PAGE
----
01 February 2007


So...another eye-opening thread at Dissensus. It's been a while since I last tuned into Rinse FM, but the thought of pumping minimal techno on the Capitol's leading underground pirate station is bound to increase speculation. Whatever the motives or circumstances, it feels weird, because London's never really been techno-friendly, has it? Massive generalisation, I know, but still you could say that this thing we call the 'Nuum, which coalesced into being from House, Hip Hop and Reggae culture, was never as much in thrall of the coldness, the austerity, the economy of expression that pure techno invites, as, say, Sheffield or Berlin. Indeed, when I think of minimal now, I automatically look to the Germans for inspiration - if I was a professional journalist, no doubt I'd be taking expense-paid trips to Berlin this year, hanging out at the clubs and record stores, trying to divine some meaning from it all. In the UK, it feels like 'proper' Techno's been dead for a decade. As my comrade Ali Wade said recently in conversation, "...at the end of the nineties it all just got stuck in a loop. it's not surprising so many people (dare I say younger than myself) diss techno." Others have made mention to me of that 'generation gap', too. The idea that anyone under the age of thirty thinks techno is irredeemably naff is a sobering concept...and it's a wall of prejudice I'd love to help destroy - time and energy permitting. One thing that needs to be reclaimed for starters is the name 'Techno'. In the past few years I've heard some incredibly cheesy, unimaginative music described as Techno, and it pisses me off. But then, maybe the nature of techno has changed and I'm just an old fart. And anyway, I don't listen to music just because of the way it's labeled. I listen out for a certain approach, and a certain feeling...and theoretically it can come from anywhere.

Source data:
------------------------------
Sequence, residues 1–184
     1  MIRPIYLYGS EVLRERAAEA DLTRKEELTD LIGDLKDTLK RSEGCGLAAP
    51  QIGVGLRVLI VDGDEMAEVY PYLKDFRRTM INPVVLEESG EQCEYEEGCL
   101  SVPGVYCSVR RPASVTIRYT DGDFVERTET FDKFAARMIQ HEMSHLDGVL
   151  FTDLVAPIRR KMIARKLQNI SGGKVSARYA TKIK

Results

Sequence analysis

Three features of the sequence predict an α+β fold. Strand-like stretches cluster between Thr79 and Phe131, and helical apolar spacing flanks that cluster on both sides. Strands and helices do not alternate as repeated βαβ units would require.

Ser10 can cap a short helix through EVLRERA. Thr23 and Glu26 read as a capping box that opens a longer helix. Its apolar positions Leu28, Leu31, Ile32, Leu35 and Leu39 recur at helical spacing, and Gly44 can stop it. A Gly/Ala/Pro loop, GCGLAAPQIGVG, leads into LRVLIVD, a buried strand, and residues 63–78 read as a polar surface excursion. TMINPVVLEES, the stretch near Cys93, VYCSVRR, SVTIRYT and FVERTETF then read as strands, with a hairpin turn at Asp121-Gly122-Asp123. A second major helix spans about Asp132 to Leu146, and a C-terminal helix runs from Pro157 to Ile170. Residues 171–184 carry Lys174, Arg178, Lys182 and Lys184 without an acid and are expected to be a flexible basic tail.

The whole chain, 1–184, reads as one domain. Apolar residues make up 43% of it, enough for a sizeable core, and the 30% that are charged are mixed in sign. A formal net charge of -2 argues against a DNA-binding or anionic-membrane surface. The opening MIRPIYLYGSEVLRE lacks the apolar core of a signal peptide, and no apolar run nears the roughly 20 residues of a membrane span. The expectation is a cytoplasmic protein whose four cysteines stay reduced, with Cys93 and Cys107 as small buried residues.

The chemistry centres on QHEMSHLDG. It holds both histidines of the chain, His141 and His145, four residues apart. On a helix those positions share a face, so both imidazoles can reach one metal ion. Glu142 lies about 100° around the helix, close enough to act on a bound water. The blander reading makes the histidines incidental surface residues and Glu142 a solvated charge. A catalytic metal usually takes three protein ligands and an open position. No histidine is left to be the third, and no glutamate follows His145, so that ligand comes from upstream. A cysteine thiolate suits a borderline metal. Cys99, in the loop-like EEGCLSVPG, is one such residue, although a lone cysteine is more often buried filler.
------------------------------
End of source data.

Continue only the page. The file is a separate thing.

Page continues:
But back to the main thrust - the dubstep-minimal crossover. Or lack of. My friend Tom 'Peverelist' Ford was scratching his head recently, trying to answer questions sent by an inquisitive journalist on this matter. Of course, it's all Tom's own fault for producing such a zeitgeisty tune that he finds himself having to go on record with his opinions. Personally, I think the magazine in question is jumping on this idea a little too early...I think it's a subject that should remain in the more fluid, nebulous world of blogs and forums for a little while yet. Heh.